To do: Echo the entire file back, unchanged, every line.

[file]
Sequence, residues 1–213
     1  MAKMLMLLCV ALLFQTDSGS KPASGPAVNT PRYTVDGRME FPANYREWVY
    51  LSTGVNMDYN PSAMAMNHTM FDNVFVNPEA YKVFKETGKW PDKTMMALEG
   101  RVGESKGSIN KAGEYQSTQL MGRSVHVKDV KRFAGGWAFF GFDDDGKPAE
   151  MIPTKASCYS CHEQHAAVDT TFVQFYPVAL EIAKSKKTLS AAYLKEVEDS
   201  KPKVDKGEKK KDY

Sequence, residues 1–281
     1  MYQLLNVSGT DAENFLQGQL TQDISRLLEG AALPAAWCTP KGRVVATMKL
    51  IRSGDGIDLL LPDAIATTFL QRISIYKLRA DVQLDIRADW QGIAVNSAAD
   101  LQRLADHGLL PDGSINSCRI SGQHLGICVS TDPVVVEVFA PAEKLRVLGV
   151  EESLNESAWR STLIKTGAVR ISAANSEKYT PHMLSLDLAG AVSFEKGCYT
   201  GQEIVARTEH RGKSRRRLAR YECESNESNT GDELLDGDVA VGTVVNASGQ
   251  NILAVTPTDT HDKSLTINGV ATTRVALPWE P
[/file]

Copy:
Sequence, residues 1–213
     1  MAKMLMLLCV ALLFQTDSGS KPASGPAVNT PRYTVDGRME FPANYREWVY
    51  LSTGVNMDYN PSAMAMNHTM FDNVFVNPEA YKVFKETGKW PDKTMMALEG
   101  RVGESKGSIN KAGEYQSTQL MGRSVHVKDV KRFAGGWAFF GFDDDGKPAE
   151  MIPTKASCYS CHEQHAAVDT TFVQFYPVAL EIAKSKKTLS AAYLKEVEDS
   201  KPKVDKGEKK KDY

Sequence, residues 1–281
     1  MYQLLNVSGT DAENFLQGQL TQDISRLLEG AALPAAWCTP KGRVVATMKL
    51  IRSGDGIDLL LPDAIATTFL QRISIYKLRA DVQLDIRADW QGIAVNSAAD
   101  LQRLADHGLL PDGSINSCRI SGQHLGICVS TDPVVVEVFA PAEKLRVLGV
   151  EESLNESAWR STLIKTGAVR ISAANSEKYT PHMLSLDLAG AVSFEKGCYT
   201  GQEIVARTEH RGKSRRRLAR YECESNESNT GDELLDGDVA VGTVVNASGQ
   251  NILAVTPTDT HDKSLTINGV ATTRVALPWE P